Bukit Aman’s anti-narco chief: Fight to clean up dept continues, problem ‘not too bad now’

Bukit Aman Narcotics CID director Datuk Mohd Khalil Kader Mohd speaks to Malay Mail during an interview at his office in Kuala Lumpur January 11, 2020. ― Picture by Yusof Mat Isa
Bukit Aman Narcotics CID director Datuk Mohd Khalil Kader Mohd speaks to Malay Mail during an interview at his office in Kuala Lumpur January 11, 2020. ― Picture by Yusof Mat Isa

KUALA LUMPUR, Jan 21 — While fighting drug traffickers, the Bukit Aman Narcotics Crime Investigation Department (NCID) also has to deal with corruption within the department.

NCID chief Datuk Mohd Khalil Kader Mohd was candid about the struggle that the anti-narcotics unit has had with graft, and how rooting it out remains an uphill task.

“Like this, Syed, if somebody offers you RM20 million, what would you say?” Mohd Khalil asked during an exclusive interview with Malay Mail in Bukit Aman, here.

This rhetorical question illustrates the temptation of narco money and how it can blunt the war against trafficking syndicates.

For Mohd Khalil, drug money remains the biggest stumbling block not only in the fight against traffickers and the cops on their payroll, but also for reform.

The sheer amount of money involved in narcotics means temptation is ever present, especially when police officers are still paid lowly, he said.

Experts have said low wages within the force is among the chief causes fuelling police corruption, and have recommended increasing it. 

The global illicit drugs trade has an estimated GDP similar to the economy of several rich countries combined, according to the United Nations Office on Drugs and Crime whose 2005 World Drug Report valued the size of the drug market at US$321.6 billion (RM1.3 trillion) in just 2003 alone.

“When you are put in that position, it’s always tough,” he said referring to the bribes NCID officers may be offered in the course of duty.

“I think the challenge is how to instil mental fortitude within these officers... it’s not easy, and we, or my officers, are only human.”

Weeding out bad apples

Under Mohd Khalil’s tenure, the police launched Operation Blue Devil last year to crack down on substance abuse among police officers, as part of a wider reform drive to “heal” the force’s public image.

More than 100 officers tested positive up to August last year, a result Inspector-General of Police Tan Sri Abdul Hamid Bador described as shocking and showed how drug use within the force is at a “critical” level.

For the NCID chief, cleaning up his unit became top priority upon his appointment last year. Several measures were put in place, including the formation of a covert squad that spied on vice cops.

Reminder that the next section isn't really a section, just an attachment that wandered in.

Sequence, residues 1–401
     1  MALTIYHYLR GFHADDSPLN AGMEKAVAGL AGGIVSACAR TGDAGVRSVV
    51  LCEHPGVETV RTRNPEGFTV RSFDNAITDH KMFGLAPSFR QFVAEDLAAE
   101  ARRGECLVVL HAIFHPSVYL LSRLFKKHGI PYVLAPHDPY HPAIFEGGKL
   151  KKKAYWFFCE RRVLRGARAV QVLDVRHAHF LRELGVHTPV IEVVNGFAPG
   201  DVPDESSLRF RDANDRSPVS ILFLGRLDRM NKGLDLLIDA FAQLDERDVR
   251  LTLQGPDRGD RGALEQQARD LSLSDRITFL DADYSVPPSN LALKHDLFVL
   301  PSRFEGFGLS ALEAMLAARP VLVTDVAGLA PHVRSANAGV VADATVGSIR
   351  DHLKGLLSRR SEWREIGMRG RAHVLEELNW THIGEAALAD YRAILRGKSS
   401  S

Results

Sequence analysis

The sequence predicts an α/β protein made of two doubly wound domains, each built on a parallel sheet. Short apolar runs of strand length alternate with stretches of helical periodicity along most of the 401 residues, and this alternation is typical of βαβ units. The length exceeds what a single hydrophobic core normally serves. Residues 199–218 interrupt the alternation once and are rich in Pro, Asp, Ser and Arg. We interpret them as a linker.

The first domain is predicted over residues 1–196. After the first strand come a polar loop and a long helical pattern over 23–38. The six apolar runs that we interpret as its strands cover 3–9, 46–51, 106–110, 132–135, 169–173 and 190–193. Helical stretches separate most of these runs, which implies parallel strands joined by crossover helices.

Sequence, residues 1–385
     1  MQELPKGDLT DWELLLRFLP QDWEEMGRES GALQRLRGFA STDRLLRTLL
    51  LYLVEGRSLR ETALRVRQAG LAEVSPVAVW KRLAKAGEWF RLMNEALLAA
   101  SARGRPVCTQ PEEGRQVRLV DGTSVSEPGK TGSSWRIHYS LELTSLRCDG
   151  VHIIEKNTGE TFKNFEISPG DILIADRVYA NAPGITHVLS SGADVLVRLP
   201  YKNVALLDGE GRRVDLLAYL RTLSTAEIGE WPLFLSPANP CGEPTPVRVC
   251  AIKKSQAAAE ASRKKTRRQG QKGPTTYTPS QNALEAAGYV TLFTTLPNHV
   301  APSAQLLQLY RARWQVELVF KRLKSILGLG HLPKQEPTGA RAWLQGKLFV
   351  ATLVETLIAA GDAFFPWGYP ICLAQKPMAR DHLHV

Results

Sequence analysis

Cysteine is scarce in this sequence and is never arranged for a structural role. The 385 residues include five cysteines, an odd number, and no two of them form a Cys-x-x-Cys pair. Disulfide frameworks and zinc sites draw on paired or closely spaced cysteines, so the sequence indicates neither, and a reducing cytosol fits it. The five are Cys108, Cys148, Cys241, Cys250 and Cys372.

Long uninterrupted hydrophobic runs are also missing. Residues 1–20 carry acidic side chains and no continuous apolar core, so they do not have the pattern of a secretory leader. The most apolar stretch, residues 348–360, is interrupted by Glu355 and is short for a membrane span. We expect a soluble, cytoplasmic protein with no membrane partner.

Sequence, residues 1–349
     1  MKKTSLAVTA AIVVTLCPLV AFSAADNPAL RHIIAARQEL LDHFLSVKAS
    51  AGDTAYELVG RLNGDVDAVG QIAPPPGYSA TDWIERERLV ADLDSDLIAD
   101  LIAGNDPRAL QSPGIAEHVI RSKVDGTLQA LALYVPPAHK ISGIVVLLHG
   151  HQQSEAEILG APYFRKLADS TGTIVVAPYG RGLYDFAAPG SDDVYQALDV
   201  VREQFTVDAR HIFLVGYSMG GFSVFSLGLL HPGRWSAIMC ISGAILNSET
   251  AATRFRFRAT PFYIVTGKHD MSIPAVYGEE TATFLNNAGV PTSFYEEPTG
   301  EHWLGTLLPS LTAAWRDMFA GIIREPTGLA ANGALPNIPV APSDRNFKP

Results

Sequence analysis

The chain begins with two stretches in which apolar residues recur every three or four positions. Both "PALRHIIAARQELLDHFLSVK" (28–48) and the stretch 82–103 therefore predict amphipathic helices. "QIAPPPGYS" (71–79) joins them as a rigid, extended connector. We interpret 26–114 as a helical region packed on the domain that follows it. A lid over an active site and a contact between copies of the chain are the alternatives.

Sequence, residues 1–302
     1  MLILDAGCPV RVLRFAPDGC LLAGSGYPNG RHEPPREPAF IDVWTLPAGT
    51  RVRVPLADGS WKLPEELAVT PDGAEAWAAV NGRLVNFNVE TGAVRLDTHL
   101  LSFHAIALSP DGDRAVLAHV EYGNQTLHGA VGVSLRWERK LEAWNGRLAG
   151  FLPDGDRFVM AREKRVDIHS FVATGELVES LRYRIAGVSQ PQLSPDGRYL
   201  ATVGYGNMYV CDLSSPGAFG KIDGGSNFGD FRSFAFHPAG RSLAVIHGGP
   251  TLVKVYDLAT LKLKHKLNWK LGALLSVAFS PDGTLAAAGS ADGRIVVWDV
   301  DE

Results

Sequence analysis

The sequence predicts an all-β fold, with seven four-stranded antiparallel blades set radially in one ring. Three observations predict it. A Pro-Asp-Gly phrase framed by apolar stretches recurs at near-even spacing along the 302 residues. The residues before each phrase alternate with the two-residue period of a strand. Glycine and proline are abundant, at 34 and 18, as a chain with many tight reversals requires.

But with just under a month left to his tenure, he concedes that the task is far from complete.

“I did try to (put in place) reform but of course, I can’t say the unit is completely clean,” he said.

“This type of officer will always be around. But I think we did manage to reduce the number through several measures.” 

But Operation Blue Devil remains in force and the police said there is no deadline to its end, which the NCID chief said was testament to his unit’s commitment to clean up.

The police have yet to say if more officers have been caught under the operation. Mohd Khalid, however, told Malay Mail he is confident that the operation had succeeded in driving rogue cops to reform, if not reducing drug abuse within the force.

“It was a problem but don’t think it’s too bad now,” he said.

Target big sharks

For nearly four decades, the government has waged a war against drugs. Yet official data suggests they are nowhere close to winning, as drug-related crimes continue to climb and news reports of large drug busts indicate illegal substances are still finding their way into the country, despite us having some of the harshest anti-drug laws in the world.

Critics say the setback has cost taxpayers millions of ringgit without much to show for it. Instead, it has flooded prisons and state-funded rehabilitation centres with drug-related offenders, many of them minors.

Mohd Khalil said NCID shifted its focus to traffickers under his watch and backed the decriminalisation of addicts, although he remains a believer in punitive laws against what he terms “abusers.” 

“Under me, we focused on the supply,” he said.

“We no longer look at those small timers, the addicts and all. Why arrest them? I wanted my men to make quality arrests, those suppliers (and traffickers). 

“It’s harder of course and more work but it’s more effective.”

Related Articles